It is no different on a sports field than in the office, or wherever you work place happens to be. When you encounter a team mate who is struggling, or even someone who is doing well but not performing at peak potential, you stand a far better chance of helping them succeed if you wear your coach hat into the conversation.
Here are five tips that will help you be a better coach at work:
1. Focus on the prize. 2. Prepare for the stretch. 3. Reframe the hurdles. 4. Support with straight talk. 5. Lock in the learning.
The term 'mentor' is age-old. At work, you often hear it in discussions about someone who can help you manage your career better. Having a mentor is seen as a good thing, although there is wide variance in how people think of the relationship and its purpose.
Here are five reasons why you should find a mentor:
1. To help push your thinking out more. 2. To serve as a rudder. 3. To help connect you with other people. 4. To be a champion for you. 5. To help you gauge your growth.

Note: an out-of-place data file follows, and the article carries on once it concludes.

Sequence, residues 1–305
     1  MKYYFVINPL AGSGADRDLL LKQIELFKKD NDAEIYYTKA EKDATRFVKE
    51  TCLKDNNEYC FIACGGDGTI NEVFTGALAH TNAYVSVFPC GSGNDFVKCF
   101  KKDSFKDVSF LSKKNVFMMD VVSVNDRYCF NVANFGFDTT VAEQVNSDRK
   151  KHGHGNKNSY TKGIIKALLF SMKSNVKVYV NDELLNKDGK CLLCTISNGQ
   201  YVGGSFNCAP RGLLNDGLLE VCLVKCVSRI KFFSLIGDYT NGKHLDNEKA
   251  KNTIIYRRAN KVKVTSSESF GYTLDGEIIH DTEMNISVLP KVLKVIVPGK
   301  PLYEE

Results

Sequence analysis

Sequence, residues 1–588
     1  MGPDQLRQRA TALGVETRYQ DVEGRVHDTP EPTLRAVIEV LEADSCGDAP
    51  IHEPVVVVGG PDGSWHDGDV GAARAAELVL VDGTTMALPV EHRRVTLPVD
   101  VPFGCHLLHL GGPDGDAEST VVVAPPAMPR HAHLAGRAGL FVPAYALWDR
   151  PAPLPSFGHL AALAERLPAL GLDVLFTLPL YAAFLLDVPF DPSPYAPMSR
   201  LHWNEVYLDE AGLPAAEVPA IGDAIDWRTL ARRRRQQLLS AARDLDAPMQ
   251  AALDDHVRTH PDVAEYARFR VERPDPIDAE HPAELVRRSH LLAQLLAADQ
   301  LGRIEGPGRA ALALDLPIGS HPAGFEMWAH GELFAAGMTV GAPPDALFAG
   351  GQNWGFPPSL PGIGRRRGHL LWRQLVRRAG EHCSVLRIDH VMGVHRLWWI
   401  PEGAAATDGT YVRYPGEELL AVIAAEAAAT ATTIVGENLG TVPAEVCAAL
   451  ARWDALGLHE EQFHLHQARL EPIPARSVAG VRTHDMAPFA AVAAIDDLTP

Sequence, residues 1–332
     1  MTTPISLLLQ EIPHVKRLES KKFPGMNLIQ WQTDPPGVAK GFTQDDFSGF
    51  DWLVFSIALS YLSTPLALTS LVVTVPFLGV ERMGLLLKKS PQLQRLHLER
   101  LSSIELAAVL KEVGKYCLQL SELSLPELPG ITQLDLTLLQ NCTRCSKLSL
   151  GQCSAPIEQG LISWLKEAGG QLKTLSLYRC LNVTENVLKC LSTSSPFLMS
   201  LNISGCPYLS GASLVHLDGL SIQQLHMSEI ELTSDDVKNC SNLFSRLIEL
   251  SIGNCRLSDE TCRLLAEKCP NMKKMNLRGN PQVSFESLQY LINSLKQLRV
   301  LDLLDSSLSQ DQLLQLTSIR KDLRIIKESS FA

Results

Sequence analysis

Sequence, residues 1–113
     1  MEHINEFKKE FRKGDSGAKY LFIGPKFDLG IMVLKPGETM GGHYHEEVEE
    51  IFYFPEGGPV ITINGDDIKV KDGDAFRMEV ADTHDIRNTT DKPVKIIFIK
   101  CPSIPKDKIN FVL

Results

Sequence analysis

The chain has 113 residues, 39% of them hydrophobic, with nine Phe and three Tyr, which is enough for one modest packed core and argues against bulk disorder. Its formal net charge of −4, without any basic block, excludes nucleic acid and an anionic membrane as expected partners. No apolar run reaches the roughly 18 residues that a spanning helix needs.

Are you the team cynic? Skepticism and cynicism are often confused. In this article, Harold explains the difference between the two, delves deeper into the 5 signs of a cynic and gives insight into how to convert one.
Dysfunctional teams are slower and less productive. Team members often lock down in fierce competition with each other. There's no trust. Predictably, the dysfunction carries on through to making bad decisions and little accountability for poor results.
In this article, Harold outlines the 7 sins of a dysfunctional team and 5 ways to fix it.
For so many reasons, it's important that you like your job. If you work full-time, that means that you probably currently spend the majority of your life at work.
When you add up all the physical and mental hours that you spend focused on work each week - evenings and weekends included - that factors in huge as to whether you're getting much enjoyment out of life.